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Bike, Foot Patrols to Increase Police Presence in Germantown Business District

December 22, 2014

By Kevin O’Rourke

 

Merchants and residents in the downtown Germantown area will be getting a holiday present from District Five of the Montgomery County Police as the department will roll out a new police unit designed to address quality of life concerns in the area.

   The unit, dubbed the Central Business District Unit or CBD, will officially begin on Sunday, Dec. 28, but the first day the team will be seen on the street will be Tuesday, Dec. 30.

   The CBD will be comprised, at first, of five officers and a sergeant, but another shift will be added after the Police Academy graduations in the Spring.

   According to Lieutenant Bob Ravida, the head of the unit, the CBD is a proactive team of officers that is tasked to work in the more urbanized area of Germantown, from Wisteria Drive north to Route 355, and Father Hurley Boulevard east to where Middlebrook Road curves up to Route 355, with an emphasis on the areas of Century Boulevard from Middlebrook Road to Aircraft Drive.

   “They will have other responsibilities including The Milestone Shopping Center, and as they build out the Clarksburg Village area, the team will be working up in that area as well,” said Ravida.

   Fifth District Commander David Gillespie said, “I am excited about the CBD unit being deployed and getting them out in the community because I believe that we will be able to make a big difference.”

   Gillespie said that the CBD Unit has become necessary as growth in the area continues. “Germantown is very diverse, not just in population, but in terms of the amount of different kinds of retail and office space that is here and continues to grow exponentially. We have a number of new businesses and the traffic continues to grow.”

   Ravida said, “As a police department we saw a need to get additional officers in to address those issues. There are a lot of calls for service from that area. The area makes up about 25 percent of our total calls for service district-wide.”

   Gillespie sad, “We have had a number of complaints from the business community about issues that are happening after school and on weekends. We are going to work with the business community and the residential communities in the area to address these concerns.”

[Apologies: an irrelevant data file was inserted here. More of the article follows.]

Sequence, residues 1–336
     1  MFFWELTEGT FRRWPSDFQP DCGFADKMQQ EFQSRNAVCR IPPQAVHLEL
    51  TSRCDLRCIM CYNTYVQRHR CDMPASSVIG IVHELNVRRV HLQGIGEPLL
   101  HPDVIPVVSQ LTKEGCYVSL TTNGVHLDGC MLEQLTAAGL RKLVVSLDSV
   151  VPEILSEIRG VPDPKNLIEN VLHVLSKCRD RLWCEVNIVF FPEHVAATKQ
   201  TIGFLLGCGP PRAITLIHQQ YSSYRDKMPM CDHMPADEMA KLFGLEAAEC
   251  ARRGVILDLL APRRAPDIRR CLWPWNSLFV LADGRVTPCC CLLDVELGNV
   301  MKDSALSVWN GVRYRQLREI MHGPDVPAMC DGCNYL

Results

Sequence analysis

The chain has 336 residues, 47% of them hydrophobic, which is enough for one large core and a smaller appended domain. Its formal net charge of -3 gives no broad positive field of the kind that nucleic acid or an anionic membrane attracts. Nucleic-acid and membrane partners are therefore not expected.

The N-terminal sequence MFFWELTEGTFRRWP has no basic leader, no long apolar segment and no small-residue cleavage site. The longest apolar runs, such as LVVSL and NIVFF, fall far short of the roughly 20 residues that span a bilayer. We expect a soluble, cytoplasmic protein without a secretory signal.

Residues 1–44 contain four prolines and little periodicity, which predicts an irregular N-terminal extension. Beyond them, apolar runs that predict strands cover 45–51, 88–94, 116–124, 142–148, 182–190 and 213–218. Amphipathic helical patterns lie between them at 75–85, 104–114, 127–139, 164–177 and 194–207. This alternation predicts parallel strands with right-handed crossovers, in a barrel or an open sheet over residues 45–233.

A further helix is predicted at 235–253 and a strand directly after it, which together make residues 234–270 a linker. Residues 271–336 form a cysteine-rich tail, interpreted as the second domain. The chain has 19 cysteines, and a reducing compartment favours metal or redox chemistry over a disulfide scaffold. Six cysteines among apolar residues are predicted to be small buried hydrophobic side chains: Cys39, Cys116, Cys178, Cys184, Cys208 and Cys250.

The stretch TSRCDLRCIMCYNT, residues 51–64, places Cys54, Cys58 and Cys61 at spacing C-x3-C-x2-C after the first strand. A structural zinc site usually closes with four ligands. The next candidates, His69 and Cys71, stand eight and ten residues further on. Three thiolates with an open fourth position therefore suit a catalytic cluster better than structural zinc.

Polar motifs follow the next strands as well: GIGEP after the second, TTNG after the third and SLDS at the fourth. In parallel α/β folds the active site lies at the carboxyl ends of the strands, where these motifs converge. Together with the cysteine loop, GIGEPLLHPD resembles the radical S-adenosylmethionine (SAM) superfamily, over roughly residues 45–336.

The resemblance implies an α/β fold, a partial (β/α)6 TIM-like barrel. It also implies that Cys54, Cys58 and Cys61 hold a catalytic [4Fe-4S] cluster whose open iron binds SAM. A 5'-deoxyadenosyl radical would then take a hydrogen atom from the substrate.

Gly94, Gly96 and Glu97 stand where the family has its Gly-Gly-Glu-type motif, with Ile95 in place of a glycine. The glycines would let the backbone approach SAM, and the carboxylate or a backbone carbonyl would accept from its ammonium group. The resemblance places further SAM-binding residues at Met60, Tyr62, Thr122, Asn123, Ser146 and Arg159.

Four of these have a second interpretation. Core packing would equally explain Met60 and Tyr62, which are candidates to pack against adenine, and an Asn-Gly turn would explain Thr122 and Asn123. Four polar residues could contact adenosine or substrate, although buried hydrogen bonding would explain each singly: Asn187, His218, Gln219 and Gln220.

The unit which will be in patrol cars, or often on bike, or on foot will work with the businesses and other stakeholders in the area, such as Black Rock Center, the Germantown Library, and apartment complexes in the area, as well as the patrol new park, to address quality of life issues and other issues that might arise, said Ravida. He said members of the CBD unit will have the ability to mount their bikes on their patrol cars and chose to ride or drive them as needed.

   The officers of the CBD unit will not be tethered to the radio and dispatched to calls of service through the vast areas of the Germantown Fifth District, but rather will be tasked to build a more personalized relationship with business owners in those areas, so what when there is an issue at a business and the radio call comes that officers will take that call rather than the random officer on a regular patrol shift.

   “This team is focused community building to establish relationships with business owners, schools such as Seneca Valley High School, the library, and work on quality of life issues and making that area as crime free as possible,” said Ravida.

   “It is very much a throw-back to the cop on the beat,” said Ravida, “but they will probably be on bike patrol. Each officer is going to be tasked with knowing all the business owners and principals for businesses in a sub-section of the district. When there is a call for service in that area, that officer or officers would respond. It is going to be more of a personalized relationship between those particular officers and the community. Hopefully, they will be able to get to know those business owners and the apartment complex managers, so that they will have a better working relationship versus an officer working a standard patrol shift, which is constantly rotating.”

   Ravida said, “We will probably split that area up into quadrants, where each officer will keep logs and will be responsible for his quadrant. The great thing about this team is that because they are not a normal shift and patrol officer we can move them to wherever the needs arise. We can deploy them based on the feedback we are getting from the community and looking at our data on crime statistics.”

   Ravida anticipates the unit will be on the beat from noon to 10:00 pm, during those hours when the businesses are most active, but that might change depending on what needs may arise. “It gives us a lot of flexibility to meet that community’s specific needs,” he said.

   According to Ravida, members of the team have met with community members at chamber of commerce meetings and other local functions to get their input and access the needs of the community.

   “We asked them, ‘What are your needs? What are you looking for from us? What hours? What problems are you having?’ We are not shooting blindly at this when we deploy this team, rather we are reacting to feedback that they’ve given us,” said Ravida.

  That feedback included problems such as kids loitering after school, panhandlers coming into the businesses to bother customers or use facilities, and other quality of life issues.

   “The public should absolutely see more officers in that area,” said Ravida. “Eventually we will have an additional 12 more officers, so there should be significant increase. There will be two extra shifts so there will be a lot more police presence in that central business area of Germantown.” 

 

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